I joined a panel about science fiction vs. fantasy at last weekend’s Marcon convention. The premise was: “Why are some readers so clearly drawn to one of these genres and not the other, and yet some folks love both?”Embed from Getty Images
This was a good discussion, with the audience chiming in, too. No one in our room admitted to not enjoying both science fiction and fantasy. In fact, the quality of a novel’s storytelling and characterization was much more important to everyone than just genre.
The discussion centered more on what makes a work science fiction or fantasy — what were the defining characteristics? This is a rich topic — we went on about it for over an hour — and I won’t recap it here. Everyone agreed there was a range of speculative fiction. Not everything falls clearly into one category or another.
To my thinking, this makes the genre much richer. The idea got me thinking about some books I’ve read that blend or challenge speculative fiction tropes.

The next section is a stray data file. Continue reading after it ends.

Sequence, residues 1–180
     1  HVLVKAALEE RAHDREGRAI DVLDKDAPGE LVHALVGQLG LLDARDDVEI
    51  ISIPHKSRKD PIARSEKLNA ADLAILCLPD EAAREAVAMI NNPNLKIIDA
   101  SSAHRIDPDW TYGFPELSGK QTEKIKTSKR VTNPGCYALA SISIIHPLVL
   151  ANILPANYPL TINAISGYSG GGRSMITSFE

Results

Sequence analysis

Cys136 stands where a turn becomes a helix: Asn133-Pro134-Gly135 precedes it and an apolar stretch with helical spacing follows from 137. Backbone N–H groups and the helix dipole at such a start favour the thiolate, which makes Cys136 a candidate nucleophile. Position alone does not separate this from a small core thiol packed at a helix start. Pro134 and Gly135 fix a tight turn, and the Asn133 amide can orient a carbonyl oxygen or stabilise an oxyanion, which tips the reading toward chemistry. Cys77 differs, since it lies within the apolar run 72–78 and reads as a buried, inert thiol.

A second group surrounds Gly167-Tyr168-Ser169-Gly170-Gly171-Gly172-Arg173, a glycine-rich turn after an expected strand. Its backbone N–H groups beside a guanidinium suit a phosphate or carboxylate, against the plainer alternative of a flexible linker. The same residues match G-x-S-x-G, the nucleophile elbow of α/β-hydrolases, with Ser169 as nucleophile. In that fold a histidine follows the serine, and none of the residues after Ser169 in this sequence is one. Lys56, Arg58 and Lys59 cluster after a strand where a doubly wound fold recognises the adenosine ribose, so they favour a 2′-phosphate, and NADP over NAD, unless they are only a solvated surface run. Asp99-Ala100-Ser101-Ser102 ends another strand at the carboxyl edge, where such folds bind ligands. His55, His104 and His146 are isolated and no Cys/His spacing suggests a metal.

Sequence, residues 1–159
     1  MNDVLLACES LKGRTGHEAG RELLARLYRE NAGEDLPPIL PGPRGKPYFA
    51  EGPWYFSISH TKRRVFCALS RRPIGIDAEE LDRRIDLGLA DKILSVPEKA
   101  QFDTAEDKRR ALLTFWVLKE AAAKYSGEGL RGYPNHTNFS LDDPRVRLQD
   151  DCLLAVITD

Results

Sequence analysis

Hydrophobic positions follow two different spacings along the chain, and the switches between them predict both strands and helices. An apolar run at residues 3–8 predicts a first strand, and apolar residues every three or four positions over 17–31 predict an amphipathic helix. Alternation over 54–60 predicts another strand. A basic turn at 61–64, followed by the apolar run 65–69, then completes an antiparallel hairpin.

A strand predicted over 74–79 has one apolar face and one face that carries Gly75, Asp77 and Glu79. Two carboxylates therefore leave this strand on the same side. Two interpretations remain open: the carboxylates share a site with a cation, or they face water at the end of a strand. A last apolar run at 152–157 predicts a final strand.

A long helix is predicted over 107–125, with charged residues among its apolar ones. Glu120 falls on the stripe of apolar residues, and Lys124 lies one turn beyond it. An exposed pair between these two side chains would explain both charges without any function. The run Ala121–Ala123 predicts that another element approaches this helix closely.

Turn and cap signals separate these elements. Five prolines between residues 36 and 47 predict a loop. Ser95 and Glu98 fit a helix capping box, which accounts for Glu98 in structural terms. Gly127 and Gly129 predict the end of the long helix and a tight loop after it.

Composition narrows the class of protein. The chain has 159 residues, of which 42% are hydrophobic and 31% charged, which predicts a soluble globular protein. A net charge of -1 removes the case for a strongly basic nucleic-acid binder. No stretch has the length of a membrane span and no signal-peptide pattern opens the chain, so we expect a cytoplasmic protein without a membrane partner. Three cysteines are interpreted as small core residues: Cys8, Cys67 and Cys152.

* Ellen Kushner’s Swordspoint, which she called a “melodrama of manners”. Set in a created world, it’s clearly a fantasy that alternates between the intrigue of the decadent nobility and the personal stories of two men who live in Riverside — but it has no magic at all.
* The Roads of Heaven series by Melissa Scott. A wonderful blend of science fiction and fantasy. The books are a space opera, but they also have magi, and pilots who use magical abilities to navigate space.
* The God Engines. John Scalzi creates a world where a captured god powers a spacecraft, and where faith is a real thing. Nice blend of science fiction and fantasy.
* Of course the amazing Pern novels by Anne McCaffrey. They seem to be fantasy, since they have dragons, and everyone knows dragons are magical creatures — right? But it becomes clear as you read that these are science fiction novels.
These are just some of my favorites. I’m sure there are many others.
Why restrict your reading by genre? In fact, why restrict it by any artificial characteristic? What matters most to me is a good story.
FYI, here are a couple of links where people attempt to explain the difference between science fiction and fantasy: one from Gotham Writers, and from io9.